Hearthstone! For the Horde!

I should write a bit about Hearthstone. I signed up last year when it launched in open beta but sometime after the iPad version hit it sunk hooks in me but good. I suspect it was probably the videogame I spent the most time with in 2014 and while Destiny made a bid for competing in 2015 I can see where my Destiny time is already beginning to taper off a bit while I still play Hearthstone at least four or five nights a week. Yesterday I decided not to update my bounties in Destiny but I made sure to log in and kill at least one Hearthstone quest so I could get a new one today.

On the one hand, I'm not surprised at Hearthstone grabbing me: it pushes enough of the Magic: The Gathering buttons and the digital version isn't … look I'm trying to be nicer in my public persona in my middle age so let's just say when I quit playing Magic Online I was confident that it wasn't me it was them. It's been like a decade and they still don't have the mode (League) I liked the most back in MTGO. But a decent OS X client would probably get me playing again, I just don't think that will happen. So yeah, there are known hooks into my attention that have lain fallow lo these many years.

On the other hand, an online-only, adversarial game? Not my bag baby. Never has been. I have some friends who claim to play (eyes Bwana) but I don't have any friends who ever actually log into the thing. I was really surprised to realize that the crux of why I like Hearthstone was this simple fact: you can't chat with your opponent. There are six emotes you can say and they are basic things: Greetings, Well Played, Oops, Sorry and so forth. That's it. And if somebody is being rude/obnoxious/annoying with that limited palette you can squelch 'em in two taps. It's weird how liberating that is. And if somebody plays well, and accepts the outcome of the game with good grace you can friend them later and THEN have text chat. I've had a couple of times where I exchanged a bit of dialog post-match with my opponent and they have been really satisfactory interactions. I assume the racist, homophobic tweens who dominate Xbox Live don't make it through the "play an entire game without being an ass-hat" filter because I've never sent nor accepted a friend request in Hearthstone and then not liked whatever interaction has occurred afterward.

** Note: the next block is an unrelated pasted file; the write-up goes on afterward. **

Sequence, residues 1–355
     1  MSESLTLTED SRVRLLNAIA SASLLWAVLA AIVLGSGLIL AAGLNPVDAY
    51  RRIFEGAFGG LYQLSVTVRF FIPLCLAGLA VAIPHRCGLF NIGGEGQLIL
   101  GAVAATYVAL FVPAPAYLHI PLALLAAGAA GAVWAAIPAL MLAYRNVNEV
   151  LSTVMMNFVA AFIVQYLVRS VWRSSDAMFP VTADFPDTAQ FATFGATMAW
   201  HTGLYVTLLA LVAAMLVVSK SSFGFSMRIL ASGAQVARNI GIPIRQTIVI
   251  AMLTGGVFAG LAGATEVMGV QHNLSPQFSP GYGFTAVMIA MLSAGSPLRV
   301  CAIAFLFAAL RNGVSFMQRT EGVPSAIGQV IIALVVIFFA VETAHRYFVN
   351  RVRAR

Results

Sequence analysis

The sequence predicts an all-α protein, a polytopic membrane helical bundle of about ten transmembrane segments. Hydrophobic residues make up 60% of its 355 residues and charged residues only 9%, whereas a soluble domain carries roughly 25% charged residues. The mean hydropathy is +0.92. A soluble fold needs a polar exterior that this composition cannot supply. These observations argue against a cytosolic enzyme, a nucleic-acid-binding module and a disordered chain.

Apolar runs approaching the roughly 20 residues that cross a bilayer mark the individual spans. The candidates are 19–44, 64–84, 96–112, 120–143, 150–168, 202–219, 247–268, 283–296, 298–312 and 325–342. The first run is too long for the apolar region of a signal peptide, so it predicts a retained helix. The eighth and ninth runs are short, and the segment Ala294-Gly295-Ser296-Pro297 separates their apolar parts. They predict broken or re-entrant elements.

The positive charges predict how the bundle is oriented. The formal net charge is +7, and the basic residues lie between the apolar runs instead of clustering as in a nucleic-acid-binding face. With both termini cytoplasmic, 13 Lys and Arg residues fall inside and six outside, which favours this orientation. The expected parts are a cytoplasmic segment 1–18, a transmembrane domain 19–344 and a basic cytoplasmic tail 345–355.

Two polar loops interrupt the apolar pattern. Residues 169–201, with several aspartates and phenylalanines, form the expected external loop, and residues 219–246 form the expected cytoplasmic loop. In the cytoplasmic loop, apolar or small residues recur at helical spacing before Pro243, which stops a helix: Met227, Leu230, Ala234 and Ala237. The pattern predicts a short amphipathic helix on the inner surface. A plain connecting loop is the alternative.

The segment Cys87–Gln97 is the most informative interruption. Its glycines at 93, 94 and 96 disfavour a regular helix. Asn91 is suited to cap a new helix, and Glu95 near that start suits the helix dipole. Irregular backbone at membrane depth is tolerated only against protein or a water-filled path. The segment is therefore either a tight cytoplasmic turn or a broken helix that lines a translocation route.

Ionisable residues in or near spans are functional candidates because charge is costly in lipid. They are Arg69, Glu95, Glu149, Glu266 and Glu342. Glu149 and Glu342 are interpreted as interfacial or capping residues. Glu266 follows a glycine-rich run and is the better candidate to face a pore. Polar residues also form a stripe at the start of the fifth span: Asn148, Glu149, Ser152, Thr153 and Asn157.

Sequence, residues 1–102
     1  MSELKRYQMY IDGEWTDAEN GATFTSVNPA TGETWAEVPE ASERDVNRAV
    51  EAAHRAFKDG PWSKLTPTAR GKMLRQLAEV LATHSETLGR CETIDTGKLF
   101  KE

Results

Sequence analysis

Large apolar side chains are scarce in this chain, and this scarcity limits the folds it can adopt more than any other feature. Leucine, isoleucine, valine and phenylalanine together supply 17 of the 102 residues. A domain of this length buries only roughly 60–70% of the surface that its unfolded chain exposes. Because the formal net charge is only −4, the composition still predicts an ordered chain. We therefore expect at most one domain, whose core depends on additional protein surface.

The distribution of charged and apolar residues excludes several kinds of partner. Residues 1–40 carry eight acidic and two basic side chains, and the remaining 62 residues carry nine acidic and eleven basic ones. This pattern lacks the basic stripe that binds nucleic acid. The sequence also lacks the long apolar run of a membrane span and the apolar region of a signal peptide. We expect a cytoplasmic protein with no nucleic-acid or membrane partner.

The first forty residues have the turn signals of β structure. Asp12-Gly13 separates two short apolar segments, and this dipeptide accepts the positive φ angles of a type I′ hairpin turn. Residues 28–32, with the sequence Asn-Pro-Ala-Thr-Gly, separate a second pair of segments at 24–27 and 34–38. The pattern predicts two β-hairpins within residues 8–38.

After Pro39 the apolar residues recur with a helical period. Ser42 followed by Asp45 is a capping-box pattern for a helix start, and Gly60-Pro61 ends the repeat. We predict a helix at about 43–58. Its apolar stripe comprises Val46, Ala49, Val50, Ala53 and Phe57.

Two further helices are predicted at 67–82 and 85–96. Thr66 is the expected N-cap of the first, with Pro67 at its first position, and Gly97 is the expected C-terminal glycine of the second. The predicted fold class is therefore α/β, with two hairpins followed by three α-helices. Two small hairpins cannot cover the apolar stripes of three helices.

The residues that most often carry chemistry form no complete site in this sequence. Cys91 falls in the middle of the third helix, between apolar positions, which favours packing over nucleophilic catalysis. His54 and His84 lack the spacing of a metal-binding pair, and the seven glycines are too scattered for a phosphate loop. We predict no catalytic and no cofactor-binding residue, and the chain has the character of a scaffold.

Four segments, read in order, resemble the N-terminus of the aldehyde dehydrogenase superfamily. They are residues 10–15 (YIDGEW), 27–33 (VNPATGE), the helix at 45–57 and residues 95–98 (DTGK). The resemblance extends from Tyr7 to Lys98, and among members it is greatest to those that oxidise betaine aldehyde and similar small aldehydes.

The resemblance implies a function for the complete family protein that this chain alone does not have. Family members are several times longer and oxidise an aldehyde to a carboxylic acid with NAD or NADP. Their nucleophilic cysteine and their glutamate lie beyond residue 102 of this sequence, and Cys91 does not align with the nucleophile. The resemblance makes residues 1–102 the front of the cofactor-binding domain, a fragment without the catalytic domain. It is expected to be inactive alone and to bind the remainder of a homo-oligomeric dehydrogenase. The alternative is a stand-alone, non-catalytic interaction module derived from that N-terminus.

In the last year there have been two expansions to Hearthstone: the "adventure" that was Curse of Naxxramas in late July through August, and the first expansion of Goblins vs. Gnomes in December. Naxxramas in particular because it was interesting: a single-player expansion that rolled out a bit at a time. For five weeks they put a new "wing" of Naxxramas up and each wing had a few AI's with special decks and powers. As you beat the encounters you would unlock cards for your collection, usually a card that you had just played against. So as an "expansion" it was small: I think it was 30 cards spread over a five week window but as the cards were revealed and dropped in the metagame would change. Naxxramas was a really fun time to play the game. I don't have as much to say about GvG, which is more of a traditional expansion, something like 120 cards. I like it fine and I think it did a great job of shaking up the game.

So yeah, Hearthstone. If you play it drop me a line with your BattleNet ID and I'll add you to my friends list. The game itself is free and in fact you play quite a bit without buying anything meaningful. I've bought some cards but not a ton and I get most of my cards through playing the game and earning in-game gold. So if you think you are at all interested I'd say grab the client and give it a whirl!

Video Game Cooperative State of the Union 2009